Plaintiff was referred for pain management to David Gamburg, M.D., who Plaintiff saw on October 8, 2003. AT 189. Dr. Gamburg prescribed Vicodin, "since the patient states that it works best for him." Id. Dr. Gamburg also prescribed Lidoderm patches, "for temporary relief." Id.
iv. Alan Auerbach, M.D.
On February 19, 2004, Alan Auerbach, M.D., a state agency review physician, completed a Request for Medical Advice form. AT 294-95. Dr. Auerbach reviewed medical evidence and concluded that Plaintiff "should be capable of [performing] medium work." AT 295.
v. Manar Hanna, M.D.
On April 2, 2004, Plaintiff underwent an internal medicine examination by Manar Hanna, M.D. AT 296-99. Dr. Hanna diagnosed Plaintiff as suffering from sternum pain secondary to bypass surgery, possible sympathetic reflux dystrophy, lower back pain of unknown etiology, depression, and a history of a myocardial infarction. AT 299. An x-ray of Plaintiff's lumbo-sacral spine showed disc space narrowing at L4-5 and L5-S1. AT 300. Dr. Hanna concluded that Plaintiff "is restricted from activities requiring heavy lifting and carrying because of the reproducible pain in the sternum. He has a mild restriction for activities requiring great exertion because of the history of bypass surgery in the past." AT 299.
On November 24, 2003, Plaintiff underwent a right inguinal hernia repair, which was performed by Julia Sone, M.D. AT 200-01. Plaintiff tolerated the procedure well. AT 201. On December 11, 2003, Dr. Sone noted that Plaintiff's surgical incision was clean with no signs of infection. AT 191. By January 12, 2004, Plaintiff's hernia had healed. Id.
On October 21, 2003, Plaintiff saw Stephen Yu, M.D., a urologist. AT 248-49. Dr. Yu noted that a CT scan showed masses on Plaintiff's right kidney. AT 249, 205-06. An ultrasound performed on October 29, 2003 showed two "simple cysts in the mid and lower pole region of the right kidney." AT 204. There were no findings prompting a biopsy. Id. A CT scan of Plaintiff's abdomen performed on January 9, 2004 showed no interval change in the appearance of the bilateral renal masses. AT 197-98.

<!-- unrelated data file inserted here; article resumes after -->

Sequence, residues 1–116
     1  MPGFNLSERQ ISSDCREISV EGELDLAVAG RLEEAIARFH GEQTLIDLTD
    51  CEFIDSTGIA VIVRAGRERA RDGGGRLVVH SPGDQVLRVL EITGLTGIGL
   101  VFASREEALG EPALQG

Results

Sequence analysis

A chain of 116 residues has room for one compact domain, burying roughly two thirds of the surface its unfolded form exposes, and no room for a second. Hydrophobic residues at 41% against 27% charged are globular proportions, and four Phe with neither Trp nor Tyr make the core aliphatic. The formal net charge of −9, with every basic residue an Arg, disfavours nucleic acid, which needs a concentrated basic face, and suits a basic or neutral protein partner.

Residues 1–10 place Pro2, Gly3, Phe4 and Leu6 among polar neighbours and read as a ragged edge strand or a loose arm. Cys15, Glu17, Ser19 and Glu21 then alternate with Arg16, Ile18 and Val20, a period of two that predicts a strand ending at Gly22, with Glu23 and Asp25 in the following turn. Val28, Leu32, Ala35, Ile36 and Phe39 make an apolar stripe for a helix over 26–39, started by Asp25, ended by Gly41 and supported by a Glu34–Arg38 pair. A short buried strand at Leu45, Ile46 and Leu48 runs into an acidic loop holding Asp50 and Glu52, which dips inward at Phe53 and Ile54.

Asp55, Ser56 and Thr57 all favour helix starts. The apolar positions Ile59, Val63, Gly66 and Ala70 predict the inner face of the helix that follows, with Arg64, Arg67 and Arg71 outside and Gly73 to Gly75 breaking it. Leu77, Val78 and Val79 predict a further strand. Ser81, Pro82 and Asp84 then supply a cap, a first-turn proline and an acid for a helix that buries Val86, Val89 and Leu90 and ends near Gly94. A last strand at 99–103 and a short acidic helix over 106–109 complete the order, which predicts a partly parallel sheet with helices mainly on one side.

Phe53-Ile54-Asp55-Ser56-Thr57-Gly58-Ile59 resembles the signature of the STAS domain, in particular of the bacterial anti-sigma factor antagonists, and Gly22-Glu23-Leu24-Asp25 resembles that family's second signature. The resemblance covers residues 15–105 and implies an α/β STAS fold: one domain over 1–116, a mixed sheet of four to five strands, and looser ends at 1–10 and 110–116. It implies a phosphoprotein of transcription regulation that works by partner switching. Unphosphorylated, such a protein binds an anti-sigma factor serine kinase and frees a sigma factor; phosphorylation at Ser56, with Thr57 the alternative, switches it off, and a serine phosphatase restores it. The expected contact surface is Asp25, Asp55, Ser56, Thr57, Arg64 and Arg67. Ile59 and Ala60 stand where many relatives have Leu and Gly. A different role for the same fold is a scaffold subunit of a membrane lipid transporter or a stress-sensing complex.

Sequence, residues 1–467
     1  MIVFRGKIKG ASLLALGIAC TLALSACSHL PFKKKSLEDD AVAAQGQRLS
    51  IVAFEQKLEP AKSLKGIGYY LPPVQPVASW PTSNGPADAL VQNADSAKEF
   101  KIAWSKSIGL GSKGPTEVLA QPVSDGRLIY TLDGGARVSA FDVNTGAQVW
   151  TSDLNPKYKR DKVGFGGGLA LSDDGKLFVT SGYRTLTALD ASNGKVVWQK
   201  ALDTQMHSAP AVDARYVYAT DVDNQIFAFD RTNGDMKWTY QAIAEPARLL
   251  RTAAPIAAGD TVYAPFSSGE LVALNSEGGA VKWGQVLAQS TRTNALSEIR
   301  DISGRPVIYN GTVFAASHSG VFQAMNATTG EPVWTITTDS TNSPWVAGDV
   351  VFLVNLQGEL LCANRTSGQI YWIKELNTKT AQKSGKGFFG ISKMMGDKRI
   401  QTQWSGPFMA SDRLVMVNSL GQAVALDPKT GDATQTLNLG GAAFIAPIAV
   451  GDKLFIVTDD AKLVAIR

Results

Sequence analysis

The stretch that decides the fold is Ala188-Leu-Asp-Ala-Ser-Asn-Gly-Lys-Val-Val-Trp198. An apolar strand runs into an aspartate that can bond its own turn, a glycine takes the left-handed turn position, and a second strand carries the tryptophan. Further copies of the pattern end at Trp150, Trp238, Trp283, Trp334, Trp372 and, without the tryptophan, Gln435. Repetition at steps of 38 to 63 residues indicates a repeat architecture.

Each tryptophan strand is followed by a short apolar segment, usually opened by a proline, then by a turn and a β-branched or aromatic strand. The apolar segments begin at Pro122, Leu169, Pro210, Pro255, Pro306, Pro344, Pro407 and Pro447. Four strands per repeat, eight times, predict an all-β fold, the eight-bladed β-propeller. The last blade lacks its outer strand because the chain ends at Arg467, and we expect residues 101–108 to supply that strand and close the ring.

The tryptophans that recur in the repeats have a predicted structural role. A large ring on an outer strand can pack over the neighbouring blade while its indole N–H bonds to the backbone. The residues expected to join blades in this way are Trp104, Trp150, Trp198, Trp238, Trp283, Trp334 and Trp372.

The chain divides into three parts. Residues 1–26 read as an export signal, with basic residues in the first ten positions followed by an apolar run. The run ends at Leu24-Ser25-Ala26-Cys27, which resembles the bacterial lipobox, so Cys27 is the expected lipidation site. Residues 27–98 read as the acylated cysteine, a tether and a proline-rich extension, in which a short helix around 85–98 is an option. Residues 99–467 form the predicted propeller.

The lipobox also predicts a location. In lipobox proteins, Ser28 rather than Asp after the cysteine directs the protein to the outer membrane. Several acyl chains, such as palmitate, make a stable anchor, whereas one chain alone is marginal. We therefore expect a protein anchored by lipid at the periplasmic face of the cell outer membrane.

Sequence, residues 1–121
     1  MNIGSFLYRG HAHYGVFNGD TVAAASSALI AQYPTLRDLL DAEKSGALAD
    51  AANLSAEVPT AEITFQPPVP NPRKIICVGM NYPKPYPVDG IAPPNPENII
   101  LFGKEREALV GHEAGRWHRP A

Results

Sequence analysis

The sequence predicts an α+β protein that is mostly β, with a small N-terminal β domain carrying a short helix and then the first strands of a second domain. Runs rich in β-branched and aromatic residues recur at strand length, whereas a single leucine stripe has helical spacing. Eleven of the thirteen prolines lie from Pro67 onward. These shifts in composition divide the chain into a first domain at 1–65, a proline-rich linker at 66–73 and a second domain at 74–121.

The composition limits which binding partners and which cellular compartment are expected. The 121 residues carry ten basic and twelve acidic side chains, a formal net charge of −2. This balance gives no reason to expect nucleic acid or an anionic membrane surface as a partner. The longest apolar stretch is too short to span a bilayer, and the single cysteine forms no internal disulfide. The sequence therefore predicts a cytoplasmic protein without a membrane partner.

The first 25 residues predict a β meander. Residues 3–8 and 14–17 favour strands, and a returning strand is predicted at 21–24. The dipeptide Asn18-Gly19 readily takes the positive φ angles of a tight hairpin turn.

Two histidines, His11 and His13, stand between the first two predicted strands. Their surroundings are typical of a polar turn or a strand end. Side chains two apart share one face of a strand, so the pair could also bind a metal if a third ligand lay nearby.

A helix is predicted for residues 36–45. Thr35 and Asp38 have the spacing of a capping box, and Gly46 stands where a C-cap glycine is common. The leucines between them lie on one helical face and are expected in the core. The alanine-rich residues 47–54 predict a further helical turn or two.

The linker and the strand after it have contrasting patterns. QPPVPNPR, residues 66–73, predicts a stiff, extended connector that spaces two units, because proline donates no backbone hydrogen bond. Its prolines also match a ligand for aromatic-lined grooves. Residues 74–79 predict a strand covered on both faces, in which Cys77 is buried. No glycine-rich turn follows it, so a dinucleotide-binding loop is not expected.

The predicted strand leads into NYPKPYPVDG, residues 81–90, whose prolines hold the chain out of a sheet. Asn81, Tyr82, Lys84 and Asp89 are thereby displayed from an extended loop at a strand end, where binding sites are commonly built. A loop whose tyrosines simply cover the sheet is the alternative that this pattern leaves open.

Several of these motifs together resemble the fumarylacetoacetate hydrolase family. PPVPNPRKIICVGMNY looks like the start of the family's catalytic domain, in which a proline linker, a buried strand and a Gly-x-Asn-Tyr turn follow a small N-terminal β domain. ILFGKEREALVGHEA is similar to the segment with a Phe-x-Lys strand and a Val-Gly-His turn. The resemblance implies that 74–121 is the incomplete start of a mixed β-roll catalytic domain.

2. Mental Condition
a. Robert Roche, D.O.
On November 26, 2003, Plaintiff complained of symptoms of depression to Dr. Roche. AT 258. Dr. Roche diagnosed Plaintiff as suffering from depression with elements of generalized anxiety disorder and post-traumatic stress disorder. AT 256. Dr. Roche prescribed Zoloft and Paxil. AT 256, 333.
b. Joseph Bernier, Ph. D.
On April 26, 2005, Plaintiff underwent an independent consultative examination by Joseph Bernier, Ph. D., a psychologist. AT 368-73. Dr. Bernier noted that Plaintiff's "somewhat dramatic and overly elaborative manner of presentation left me with questions about the reliability of the history he provided." AT 368.
Dr. Bernier diagnosed Plaintiff as suffering from a pain disorder with pain secondary to cardiovascular disease and surgical complications per Plaintiff's report. AT 372. Dr. Bernier also found that Plaintiff manifests alcohol dependence in sustained complete remission. Id.
Dr. Bernier completed a Medical Source Statement in which he indicates that Plaintiff has moderate limitations in his abilities to understand and remember detailed instructions, and to carry out detailed instructions. AT 374. He also indicated that Plaintiff has slight limitations in interacting appropriately with the public, supervisor(s), and co-workers, as well as moderate limitations in responding appropriately to work pressures in a usual work setting, and responding appropriately to changes in a routine work setting. AT 375.
A. Disability Standard
To be considered disabled, a plaintiff seeking DIB or SSI benefits must establish that he is "unable to engage in any substantial gainful activity by reason of any medically determinable physical or mental impairment which can be expected to result in death or which has lasted or can be expected to last for a continuous period of not less than twelve months." 42 U.S.C. § 1382c(a)(3)(A). In addition, the plaintiff's physical or mental impairment or impairments [must be] of such severity that he is not only unable to do his previous work but cannot, considering his age, education, and work experience, engage in any other kind of substantial gainful work which exists in the national economy, regardless of whether such work exists in the immediate area in which he lives, or whether a specific job vacancy exists for him, or whether he would be hired if he applied for work.